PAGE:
By Anne Pitcher
4th June 1933 – 7th November 2023
Jack Martin was an extraordinary storyteller who sadly died at the end of 2023. He will be sadly missed by all in the storytelling community, not only in Scotland but world-wide. Jack lived in Edinburgh his whole life. He became a storyteller after a lifetime as an entertainer and puppeteer, doing pantomime for 16 years and stand-up comedy on stage and in bars. For thirty-five years he worked full-time as a joinery instructor in a Rehab Team, providing support to psychiatric patients in the Royal Edinburgh Hospital. All Jack’s stories came from his imagination, often humorous and set in his own hometown.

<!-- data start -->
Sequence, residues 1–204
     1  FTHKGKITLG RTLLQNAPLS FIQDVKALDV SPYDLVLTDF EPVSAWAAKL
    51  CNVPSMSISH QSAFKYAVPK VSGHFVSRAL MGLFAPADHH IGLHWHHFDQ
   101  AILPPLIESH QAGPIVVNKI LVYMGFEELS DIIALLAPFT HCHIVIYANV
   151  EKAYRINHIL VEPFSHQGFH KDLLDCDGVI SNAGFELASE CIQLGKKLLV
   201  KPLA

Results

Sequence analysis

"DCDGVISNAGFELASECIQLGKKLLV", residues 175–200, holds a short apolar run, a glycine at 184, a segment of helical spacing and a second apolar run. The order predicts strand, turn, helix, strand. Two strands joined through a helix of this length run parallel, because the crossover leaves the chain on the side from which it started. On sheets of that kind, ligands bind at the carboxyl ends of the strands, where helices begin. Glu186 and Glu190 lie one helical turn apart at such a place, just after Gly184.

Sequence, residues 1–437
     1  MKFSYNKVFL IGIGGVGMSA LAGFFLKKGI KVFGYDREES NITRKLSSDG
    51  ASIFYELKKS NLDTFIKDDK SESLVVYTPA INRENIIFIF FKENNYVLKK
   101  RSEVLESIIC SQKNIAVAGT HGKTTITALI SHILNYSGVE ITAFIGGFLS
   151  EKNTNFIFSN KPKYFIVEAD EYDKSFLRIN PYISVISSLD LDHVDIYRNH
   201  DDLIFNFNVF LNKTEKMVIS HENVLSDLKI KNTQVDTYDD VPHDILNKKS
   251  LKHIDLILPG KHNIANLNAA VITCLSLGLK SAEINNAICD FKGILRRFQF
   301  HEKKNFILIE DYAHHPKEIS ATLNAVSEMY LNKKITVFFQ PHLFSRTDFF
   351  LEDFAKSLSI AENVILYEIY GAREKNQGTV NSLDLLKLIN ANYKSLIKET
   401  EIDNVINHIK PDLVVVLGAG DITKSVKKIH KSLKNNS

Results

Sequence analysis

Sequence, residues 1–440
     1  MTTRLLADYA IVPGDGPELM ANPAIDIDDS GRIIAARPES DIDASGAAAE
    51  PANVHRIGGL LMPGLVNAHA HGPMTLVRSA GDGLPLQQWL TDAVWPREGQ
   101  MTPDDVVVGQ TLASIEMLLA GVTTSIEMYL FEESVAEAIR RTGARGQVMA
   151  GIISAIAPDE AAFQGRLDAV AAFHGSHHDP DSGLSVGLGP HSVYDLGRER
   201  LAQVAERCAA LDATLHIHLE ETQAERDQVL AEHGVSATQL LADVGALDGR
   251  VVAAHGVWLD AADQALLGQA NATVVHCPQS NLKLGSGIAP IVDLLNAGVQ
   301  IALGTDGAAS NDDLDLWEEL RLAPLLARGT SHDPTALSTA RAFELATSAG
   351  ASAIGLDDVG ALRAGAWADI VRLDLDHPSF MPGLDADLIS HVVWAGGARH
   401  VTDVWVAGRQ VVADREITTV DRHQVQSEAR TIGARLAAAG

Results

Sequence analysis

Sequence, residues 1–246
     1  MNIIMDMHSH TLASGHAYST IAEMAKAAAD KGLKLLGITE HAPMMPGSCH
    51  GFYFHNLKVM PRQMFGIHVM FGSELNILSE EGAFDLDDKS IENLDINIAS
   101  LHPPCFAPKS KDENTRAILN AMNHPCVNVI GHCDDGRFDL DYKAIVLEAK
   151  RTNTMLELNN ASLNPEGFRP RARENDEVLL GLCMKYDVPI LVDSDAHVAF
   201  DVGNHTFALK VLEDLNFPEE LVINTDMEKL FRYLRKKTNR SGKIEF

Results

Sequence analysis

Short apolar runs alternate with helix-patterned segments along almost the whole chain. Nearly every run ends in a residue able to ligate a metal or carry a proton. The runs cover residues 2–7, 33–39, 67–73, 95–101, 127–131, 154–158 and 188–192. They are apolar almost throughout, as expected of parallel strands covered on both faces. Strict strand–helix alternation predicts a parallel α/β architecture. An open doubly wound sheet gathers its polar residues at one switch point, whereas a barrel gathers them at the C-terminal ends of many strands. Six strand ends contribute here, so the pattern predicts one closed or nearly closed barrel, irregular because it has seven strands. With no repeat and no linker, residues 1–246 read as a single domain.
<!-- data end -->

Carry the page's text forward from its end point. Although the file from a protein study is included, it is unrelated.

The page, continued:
Several storytellers shared their memories of Jack
Bea Ferguson: “I met Jack many years ago, when he was brought along to the Guid Crack Club by the wonderful John Fee -they don’t make them like those two anymore!
At first, Jack was reluctant to tell a story; “I am an entertainer, not a storyteller” he told me. Can you be one without the other? But he certainly entertained us all. His stories were all his own, full of humour, pathos and incredible imagination and he always left us sore with laughter and begging for more.
I asked him to tell a story at my 70th birthday party in the Bruntsfield Hotel. He wrote a story especially and I only wish I had asked him to write it down for me. Many of my friends were from other strands of my life and it was their first introduction to storytelling – he did us proud!
We worked together for several years in the Life Stories Group, where we went into Care Homes to tell stories. It is sadly no more, but Jack and I carried on individually and together we worked with the newly formed Dementia Group at the Festival Theatre.